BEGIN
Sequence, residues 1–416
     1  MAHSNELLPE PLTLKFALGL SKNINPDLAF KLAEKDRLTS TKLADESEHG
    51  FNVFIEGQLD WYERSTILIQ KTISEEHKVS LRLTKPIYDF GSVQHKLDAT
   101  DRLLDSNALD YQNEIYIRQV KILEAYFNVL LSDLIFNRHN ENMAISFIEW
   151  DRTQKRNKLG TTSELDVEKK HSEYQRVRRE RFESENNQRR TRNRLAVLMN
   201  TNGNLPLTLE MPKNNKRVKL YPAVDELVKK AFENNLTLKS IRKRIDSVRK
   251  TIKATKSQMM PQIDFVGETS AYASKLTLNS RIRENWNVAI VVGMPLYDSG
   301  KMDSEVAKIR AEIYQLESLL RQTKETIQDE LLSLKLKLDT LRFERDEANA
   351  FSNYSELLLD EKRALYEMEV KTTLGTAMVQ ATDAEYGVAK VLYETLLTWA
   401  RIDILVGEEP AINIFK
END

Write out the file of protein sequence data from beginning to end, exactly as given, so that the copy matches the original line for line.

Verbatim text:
Sequence, residues 1–416
     1  MAHSNELLPE PLTLKFALGL SKNINPDLAF KLAEKDRLTS TKLADESEHG
    51  FNVFIEGQLD WYERSTILIQ KTISEEHKVS LRLTKPIYDF GSVQHKLDAT
   101  DRLLDSNALD YQNEIYIRQV KILEAYFNVL LSDLIFNRHN ENMAISFIEW
   151  DRTQKRNKLG TTSELDVEKK HSEYQRVRRE RFESENNQRR TRNRLAVLMN
   201  TNGNLPLTLE MPKNNKRVKL YPAVDELVKK AFENNLTLKS IRKRIDSVRK
   251  TIKATKSQMM PQIDFVGETS AYASKLTLNS RIRENWNVAI VVGMPLYDSG
   301  KMDSEVAKIR AEIYQLESLL RQTKETIQDE LLSLKLKLDT LRFERDEANA
   351  FSNYSELLLD EKRALYEMEV KTTLGTAMVQ ATDAEYGVAK VLYETLLTWA
   401  RIDILVGEEP AINIFK